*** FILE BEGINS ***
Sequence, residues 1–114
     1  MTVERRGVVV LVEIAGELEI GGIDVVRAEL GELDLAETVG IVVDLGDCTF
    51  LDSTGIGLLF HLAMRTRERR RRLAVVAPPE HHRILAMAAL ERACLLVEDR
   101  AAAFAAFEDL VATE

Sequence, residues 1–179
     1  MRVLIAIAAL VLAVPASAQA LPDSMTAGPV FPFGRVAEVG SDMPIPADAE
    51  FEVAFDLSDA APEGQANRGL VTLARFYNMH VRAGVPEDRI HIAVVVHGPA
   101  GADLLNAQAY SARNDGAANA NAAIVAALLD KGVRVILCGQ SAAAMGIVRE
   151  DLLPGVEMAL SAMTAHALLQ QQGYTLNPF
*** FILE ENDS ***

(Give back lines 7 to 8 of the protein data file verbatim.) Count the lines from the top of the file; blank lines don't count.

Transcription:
    51  FEVAFDLSDA APEGQANRGL VTLARFYNMH VRAGVPEDRI HIAVVVHGPA
   101  GADLLNAQAY SARNDGAANA NAAIVAALLD KGVRVILCGQ SAAAMGIVRE